Quick Look – Toy Tinker Simulator (#JustOnePercent 101/100)

Ok, I know I could technically be done, but I’m going to finish out the month since I still have a handful of really cool looking games already in my library that fit the project!

Developer: Turquoise Revival Games
Release Date: November 20, 2021
MSRP: $12.99

Some genres just seem to be especially attractive to indie developers, and it feels like [Mundane Activity] Simulator has been really gaining popularity over the past couple of years. If there’s something you think you might like to try your hand at, there’s probably a simulation game for it! Unfortunately, the playability of these simulation titles varies wildly, which is why you get a handful of breakout hits, and the rest kind seem to be pretty much doomed to obscurity.

I feel like Toy Tinker Simulator missed that spark of originality that tips this kind of game from niche to mainstream, but it definitely sticks the landing for playability. The gameplay loop of taking on the job, disassembling the toy, working on the individual parts, and then putting the whole thing back together is very chill. There is money (which is needed to buy supplies & equipment), and experience (which opens up more advanced jobs), but neither one matter very much. Once you have picked up a few pieces of equipment, which your start up cash will more than cover, most beginner toys only need a few dollars worth of supplies, and each job will pay far more than you’re spending.

In fact, Toy Tinker Simulator feels positively un-fail-able. If you like your simulation games challenging, this one won’t be at all satisfying. The game won’t allow you to make mistakes – a toy that has not been completely disassembled cannot leave the workbench. You can’t choose the wrong color paint or use the wrong tools. The game will give you the proper steps for each job you take on, and you won’t be able to deviate from those in any way.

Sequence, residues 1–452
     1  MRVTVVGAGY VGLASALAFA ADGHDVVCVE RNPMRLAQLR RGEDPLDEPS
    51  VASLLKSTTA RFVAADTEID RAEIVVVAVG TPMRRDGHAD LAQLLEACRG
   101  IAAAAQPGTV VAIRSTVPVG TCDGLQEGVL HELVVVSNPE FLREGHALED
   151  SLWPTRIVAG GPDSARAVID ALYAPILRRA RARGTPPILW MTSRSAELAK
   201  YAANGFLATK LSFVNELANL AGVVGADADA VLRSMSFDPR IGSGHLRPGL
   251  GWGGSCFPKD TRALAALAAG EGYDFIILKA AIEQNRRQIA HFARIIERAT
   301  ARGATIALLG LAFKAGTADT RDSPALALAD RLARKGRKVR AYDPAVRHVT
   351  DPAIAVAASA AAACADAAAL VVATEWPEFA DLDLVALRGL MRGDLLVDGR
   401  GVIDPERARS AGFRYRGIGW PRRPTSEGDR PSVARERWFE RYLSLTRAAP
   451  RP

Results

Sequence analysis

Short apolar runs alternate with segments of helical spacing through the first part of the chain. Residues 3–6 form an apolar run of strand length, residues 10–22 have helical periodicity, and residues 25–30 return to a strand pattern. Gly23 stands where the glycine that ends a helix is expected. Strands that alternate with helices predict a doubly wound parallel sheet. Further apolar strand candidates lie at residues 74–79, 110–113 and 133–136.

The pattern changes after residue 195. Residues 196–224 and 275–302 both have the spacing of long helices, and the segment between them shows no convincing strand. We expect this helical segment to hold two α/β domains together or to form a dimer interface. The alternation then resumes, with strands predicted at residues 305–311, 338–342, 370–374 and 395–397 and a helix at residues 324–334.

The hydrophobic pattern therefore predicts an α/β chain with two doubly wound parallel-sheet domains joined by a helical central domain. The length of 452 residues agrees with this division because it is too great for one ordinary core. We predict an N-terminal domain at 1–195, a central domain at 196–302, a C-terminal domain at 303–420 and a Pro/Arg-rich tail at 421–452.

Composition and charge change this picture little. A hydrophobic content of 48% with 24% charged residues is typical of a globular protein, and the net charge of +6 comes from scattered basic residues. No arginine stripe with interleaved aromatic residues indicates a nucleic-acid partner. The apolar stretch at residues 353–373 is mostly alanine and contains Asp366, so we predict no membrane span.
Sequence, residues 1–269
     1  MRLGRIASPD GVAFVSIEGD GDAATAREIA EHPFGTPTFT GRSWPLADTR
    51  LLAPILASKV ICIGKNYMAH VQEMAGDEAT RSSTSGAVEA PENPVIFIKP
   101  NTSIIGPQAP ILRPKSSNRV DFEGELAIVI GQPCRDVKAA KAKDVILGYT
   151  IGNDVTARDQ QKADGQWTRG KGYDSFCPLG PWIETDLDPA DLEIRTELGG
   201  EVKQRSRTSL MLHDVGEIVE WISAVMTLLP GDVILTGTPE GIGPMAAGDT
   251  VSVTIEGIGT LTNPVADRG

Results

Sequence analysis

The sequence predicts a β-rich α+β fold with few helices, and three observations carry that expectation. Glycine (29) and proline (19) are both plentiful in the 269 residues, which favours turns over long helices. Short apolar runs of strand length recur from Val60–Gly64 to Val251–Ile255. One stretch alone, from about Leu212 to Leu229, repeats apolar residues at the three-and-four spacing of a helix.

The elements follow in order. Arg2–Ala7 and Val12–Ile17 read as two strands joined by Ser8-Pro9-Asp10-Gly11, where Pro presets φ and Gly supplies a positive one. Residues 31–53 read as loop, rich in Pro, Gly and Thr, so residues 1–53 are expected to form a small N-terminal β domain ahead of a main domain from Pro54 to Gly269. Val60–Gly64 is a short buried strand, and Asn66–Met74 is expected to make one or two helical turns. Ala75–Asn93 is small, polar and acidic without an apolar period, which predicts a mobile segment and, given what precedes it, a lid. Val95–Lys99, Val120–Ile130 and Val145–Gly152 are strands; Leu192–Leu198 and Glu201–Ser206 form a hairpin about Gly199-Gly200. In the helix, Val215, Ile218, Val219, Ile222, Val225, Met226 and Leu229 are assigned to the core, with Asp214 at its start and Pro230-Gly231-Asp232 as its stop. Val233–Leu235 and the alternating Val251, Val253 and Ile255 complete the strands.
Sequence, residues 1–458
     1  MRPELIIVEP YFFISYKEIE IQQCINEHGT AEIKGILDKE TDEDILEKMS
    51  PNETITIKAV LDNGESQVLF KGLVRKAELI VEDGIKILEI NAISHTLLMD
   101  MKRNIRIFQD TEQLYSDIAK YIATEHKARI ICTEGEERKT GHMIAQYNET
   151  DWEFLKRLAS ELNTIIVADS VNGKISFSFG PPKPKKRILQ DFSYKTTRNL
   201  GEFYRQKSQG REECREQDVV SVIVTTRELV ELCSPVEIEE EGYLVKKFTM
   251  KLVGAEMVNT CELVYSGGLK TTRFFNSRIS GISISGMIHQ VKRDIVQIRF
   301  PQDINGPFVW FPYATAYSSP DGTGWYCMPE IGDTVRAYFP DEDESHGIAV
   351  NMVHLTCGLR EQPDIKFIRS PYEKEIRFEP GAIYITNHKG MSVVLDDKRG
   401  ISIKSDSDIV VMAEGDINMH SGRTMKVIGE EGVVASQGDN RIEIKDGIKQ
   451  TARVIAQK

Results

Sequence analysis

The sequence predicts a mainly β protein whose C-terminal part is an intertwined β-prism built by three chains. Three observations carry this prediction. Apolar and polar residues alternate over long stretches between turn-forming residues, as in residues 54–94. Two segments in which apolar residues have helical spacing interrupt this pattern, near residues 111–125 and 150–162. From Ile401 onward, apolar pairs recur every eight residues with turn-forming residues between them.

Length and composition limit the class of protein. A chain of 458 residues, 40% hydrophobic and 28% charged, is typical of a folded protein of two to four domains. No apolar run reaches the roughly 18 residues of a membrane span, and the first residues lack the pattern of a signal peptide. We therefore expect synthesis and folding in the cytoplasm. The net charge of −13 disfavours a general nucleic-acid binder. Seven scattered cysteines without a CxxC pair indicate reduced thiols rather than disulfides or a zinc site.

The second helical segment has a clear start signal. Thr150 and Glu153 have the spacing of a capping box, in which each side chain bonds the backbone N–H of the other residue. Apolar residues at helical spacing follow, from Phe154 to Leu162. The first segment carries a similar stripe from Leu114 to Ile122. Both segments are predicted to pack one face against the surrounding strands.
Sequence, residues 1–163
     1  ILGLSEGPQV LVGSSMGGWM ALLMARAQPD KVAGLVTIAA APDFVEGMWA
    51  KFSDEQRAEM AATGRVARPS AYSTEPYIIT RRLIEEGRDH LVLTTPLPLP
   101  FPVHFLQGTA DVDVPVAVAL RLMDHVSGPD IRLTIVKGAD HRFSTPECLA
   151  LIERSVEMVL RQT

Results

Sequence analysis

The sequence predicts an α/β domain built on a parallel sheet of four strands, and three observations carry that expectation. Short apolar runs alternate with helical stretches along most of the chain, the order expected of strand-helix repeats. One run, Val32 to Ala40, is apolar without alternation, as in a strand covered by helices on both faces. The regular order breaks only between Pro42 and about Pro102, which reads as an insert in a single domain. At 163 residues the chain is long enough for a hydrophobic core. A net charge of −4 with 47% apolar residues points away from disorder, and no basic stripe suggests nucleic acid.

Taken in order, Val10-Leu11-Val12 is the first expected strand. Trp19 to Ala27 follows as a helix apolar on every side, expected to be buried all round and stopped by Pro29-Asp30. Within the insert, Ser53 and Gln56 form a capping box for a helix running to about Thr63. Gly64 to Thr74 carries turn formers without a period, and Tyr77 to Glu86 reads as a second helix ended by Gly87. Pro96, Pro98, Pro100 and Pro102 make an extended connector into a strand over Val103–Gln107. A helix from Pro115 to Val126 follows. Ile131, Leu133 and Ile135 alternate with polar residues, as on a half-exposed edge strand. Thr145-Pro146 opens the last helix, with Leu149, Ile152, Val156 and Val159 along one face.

While this makes playing a completely stress-free experience, it also disallows any sort of creativity. Maybe there will come a time in the game play loop where you’re required to use your best judgement, but it isn’t in the first hour or so of game play. This makes a game that while, not completely unsatisfying to play, isn’t particularly exciting either. I personally don’t mind this sort of simulator, but I can see how a lot of folks would find it tedious and boring.

I didn’t encounter anything that felt like a bug, and although the controls are a little floaty, no precision is ever required so it doesn’t actually matter. The sound effects are fine, but don’t really add anything to the experience, and I wasn’t impressed with the music. After my first short play session, I played without sound – this game would be a good candidate for something to keep your hands busy while listening to podcasts, audiobooks, or even watching a show on a second monitor. I didn’t fall madly in love with Toy Tinker Simulator, but I really can’t find much to complain about either.

SteamDB estimates that Toy Tinker Simulator has sold between 4,300 and 11,900 copies on Steam. Reviews are mixed, as many players wanted more realistic gameplay and a whole lot less tedium. It is ranked 6963 out of 10,967 games released in 2021.

Quick Look – Factory Town (#JustOnePercent 100/100)

Developer: Erik Asmussen
Release Date: November 17, 2021
MSRP: $19.99

If you like city builders with automation, super cute graphics, and have almost infinite patience & time, well, then Factory Town might just be your new favorite game. Ok, so I may be going a little harsh here, but as someone who does really like city builders with automation, and is fine with all my workers looking like Weebles, I found that this game tried my patience. Not solely because there appears to only be two settings (paused or unpaused) for the passage of time, I played for well over an hour on the first introductory campaign scenario. See, I built myself into a corner, as it were, and needed to restart because I couldn’t figure out how to unbuild something.